Manitoba Court of Appeal rules that “direct cause” in an exception to an exclusion clause refers to the “effective or dominant cause” and not the cause immediately preceding a loss.
Insurance law – Builder’s risk policy – Subcontractors – Exclusions – Interpretation of policy – Practice – Leave to Appeal
Sher-Bett Construction (Manitoba) Inc. v. Co-Operators General Insurance Co.,  M.J. No. 35, 2021 MBCA 10, Manitoba Court of Appeal, February 11, 2021, D.M. Cameron, K.I. Simonsen and L.T. Spivak JJ.A.
The insured appealed the trial decision where the court held in favour of the insurer that an exclusion clause in a builders’ risk broad form policy applied to exclude the insured’s claim for coverage. The policy specifically excluded loss or damage “caused directly or indirectly…by frost or freezing…unless caused directly by a peril not otherwise excluded in this Form”. The words “unless caused directly by a peril not otherwise excluded” constituted an exception to the freezing exclusion.
Damage to a concrete floor arose when the insured applied a de-icer to the recently poured concrete floor to prevent workers from slipping on the floor during freezing temperatures. After the de-icer was applied, there was damage to the areas of the floor only where the de-icer was applied. The property owners made a claim under the policy for damage to the floor. An adjuster retained by the insurer determined there were three possible causes for the damage, including application of the de-icer. The insurer wrote to the owner to deny the claim based on the freezing exclusion. The insured retained an engineer who opined that the application of the de-icer was the probable cause of the floor damage.
The trial judge held that the application of the de-icer caused a freeze-thaw cycle which was the only direct or proximate cause of the floor damage and was excluded from coverage because of the freezing exclusion.
On appeal, the insured argued that the trial judge erred in law by failing to consider the application of the exception to the freezing exclusion, including the meaning of “caused directly”. The insured submitted that the exception applied in this case as the application of the de-icer to the floor was a direct cause of the damage. The use of the de-icer was a direct cause of the loss because it played an important continuing role in causing the freeze-thaw cycle, and therefore, the damage. The freeze-thaw cycle would not have occurred without the thaw which resulted from the application of the de-icer. The insurer argued the application of the de-icer was an indirect cause of the loss, at best, as part of a chain of events.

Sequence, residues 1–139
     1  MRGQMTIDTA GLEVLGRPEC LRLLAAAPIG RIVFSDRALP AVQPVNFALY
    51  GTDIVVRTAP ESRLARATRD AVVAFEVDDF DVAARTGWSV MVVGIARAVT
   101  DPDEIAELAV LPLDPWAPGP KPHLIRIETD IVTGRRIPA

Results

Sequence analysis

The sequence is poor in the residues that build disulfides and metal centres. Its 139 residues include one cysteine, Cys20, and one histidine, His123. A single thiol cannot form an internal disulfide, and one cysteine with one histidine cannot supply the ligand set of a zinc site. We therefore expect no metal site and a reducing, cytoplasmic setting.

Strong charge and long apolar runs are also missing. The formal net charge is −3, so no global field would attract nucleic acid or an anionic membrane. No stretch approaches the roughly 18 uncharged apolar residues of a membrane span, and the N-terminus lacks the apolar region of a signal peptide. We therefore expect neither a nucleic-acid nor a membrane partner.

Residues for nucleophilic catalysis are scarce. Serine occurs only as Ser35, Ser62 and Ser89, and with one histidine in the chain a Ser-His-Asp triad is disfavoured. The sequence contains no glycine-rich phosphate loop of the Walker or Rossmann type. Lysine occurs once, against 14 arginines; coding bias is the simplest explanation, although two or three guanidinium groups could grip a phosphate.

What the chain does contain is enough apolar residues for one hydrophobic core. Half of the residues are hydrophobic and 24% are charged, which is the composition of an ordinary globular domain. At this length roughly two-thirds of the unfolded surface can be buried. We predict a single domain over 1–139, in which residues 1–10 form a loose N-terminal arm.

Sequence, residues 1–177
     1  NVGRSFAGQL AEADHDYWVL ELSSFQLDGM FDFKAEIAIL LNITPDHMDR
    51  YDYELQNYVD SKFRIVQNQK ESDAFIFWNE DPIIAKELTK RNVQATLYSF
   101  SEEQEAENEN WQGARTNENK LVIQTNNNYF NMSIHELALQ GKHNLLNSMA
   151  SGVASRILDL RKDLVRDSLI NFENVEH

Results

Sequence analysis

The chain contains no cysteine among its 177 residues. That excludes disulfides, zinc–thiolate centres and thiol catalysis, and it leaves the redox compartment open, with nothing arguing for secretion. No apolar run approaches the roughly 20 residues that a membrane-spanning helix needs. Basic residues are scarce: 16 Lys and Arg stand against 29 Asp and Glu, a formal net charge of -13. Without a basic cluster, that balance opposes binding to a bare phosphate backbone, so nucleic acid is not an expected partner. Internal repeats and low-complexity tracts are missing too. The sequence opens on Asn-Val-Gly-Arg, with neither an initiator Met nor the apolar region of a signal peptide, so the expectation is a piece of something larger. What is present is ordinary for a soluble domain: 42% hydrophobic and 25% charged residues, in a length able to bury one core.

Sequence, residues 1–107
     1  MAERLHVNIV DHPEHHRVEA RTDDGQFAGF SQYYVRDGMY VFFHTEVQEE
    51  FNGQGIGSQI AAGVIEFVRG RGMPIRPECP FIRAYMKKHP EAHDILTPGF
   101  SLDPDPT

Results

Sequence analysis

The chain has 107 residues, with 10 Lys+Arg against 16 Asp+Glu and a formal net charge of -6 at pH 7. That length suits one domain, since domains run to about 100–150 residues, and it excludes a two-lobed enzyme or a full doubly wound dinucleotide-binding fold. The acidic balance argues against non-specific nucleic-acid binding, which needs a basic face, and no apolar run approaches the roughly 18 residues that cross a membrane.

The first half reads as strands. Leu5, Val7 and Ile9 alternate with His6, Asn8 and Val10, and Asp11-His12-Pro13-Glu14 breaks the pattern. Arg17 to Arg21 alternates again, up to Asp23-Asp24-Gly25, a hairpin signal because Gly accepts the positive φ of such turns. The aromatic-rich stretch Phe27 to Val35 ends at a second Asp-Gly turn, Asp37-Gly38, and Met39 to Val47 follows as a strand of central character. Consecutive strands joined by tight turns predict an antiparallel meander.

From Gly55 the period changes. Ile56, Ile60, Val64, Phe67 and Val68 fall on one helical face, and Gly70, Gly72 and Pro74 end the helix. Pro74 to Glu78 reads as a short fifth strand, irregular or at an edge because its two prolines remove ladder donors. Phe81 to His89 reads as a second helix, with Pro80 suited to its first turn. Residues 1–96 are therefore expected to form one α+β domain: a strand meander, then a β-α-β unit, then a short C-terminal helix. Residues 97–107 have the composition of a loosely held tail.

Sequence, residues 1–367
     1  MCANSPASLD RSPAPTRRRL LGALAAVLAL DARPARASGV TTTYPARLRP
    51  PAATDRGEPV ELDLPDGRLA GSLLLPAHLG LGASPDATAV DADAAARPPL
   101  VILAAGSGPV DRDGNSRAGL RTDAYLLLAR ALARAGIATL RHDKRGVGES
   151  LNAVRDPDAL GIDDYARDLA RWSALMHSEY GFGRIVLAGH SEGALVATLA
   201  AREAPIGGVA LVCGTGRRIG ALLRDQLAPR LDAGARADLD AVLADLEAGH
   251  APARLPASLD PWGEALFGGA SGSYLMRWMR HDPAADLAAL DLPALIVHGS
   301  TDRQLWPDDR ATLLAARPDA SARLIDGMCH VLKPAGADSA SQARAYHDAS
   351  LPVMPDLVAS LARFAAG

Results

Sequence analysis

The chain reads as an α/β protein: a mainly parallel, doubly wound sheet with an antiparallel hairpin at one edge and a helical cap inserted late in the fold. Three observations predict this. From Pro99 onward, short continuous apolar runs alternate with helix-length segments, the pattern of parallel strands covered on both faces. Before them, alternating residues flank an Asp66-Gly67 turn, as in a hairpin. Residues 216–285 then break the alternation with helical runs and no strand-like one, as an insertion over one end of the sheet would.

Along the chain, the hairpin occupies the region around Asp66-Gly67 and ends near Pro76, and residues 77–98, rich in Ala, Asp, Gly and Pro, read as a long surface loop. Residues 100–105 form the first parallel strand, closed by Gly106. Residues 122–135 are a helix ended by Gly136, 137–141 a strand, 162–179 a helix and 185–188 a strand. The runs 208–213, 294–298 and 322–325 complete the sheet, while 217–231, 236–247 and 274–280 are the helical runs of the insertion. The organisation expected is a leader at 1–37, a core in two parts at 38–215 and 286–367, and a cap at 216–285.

The Court of Appeal found the trial judge erred by failing to consider and interpret the exception to the freezing exclusion. The Court of Appeal held that a “direct cause” means the proximate cause of a loss. In this regard, proximate does not mean “closest in time”. A proximate cause is one which is “proximate in efficiency” or “the effective or dominant cause”. A proximate cause is what is in substance the cause, even though it is more remote in point of time, as determined by common sense. The Court rejected the British Columbia Court of Appeal’s ruling in Canevada Country Communities Inc. v. GAN Canada Insurance Co., 1999 BCCA 339, where “direct cause” was interpreted to mean the cause immediately preceding the loss. Interpreting “directly” in an exception to mean immediately preceding the loss could lead to arbitrary results.
The Court further held that its interpretation of “caused directly” was supported by the reasonable commercial expectations surrounding builders’ risk insurance policies. It was not within the reasonable contemplation of the parties that the freezing exclusion would apply where the damage is clearly linked to the actions of one of the plaintiff’s employees.
The Court found the freezing exclusion applied to the facts of the case. Applying the findings of fact by the trial judge, the Court found freezing and the application of the de-icer were two concurrent, interdependent causes of the floor damage. The significance of the application of the de-icer was demonstrated by the important ongoing role of the de-icer to the freeze-thaw cycle and the fact that areas of the floor where the de-icer was not applied sustained no damage. The Court concluded that the insured proved that the damage to the floor was “caused directly” by the application of the de-icer. The application of the de-icer was an effective or dominant cause of damage, and without it, there would not have been damage to the floor.
The Court allowed the appeal and declared that the insured was entitled to coverage under the policy and ordered the insurer to indemnify the insured for the loss.
This case was digested by Dominic Wan, and first published in the LexisNexis® Harper Grey Insurance Law Netletter and the Harper Grey Insurance Law Newsletter. If you would like to discuss this case further, please contact Dominic Wan at email@example.com.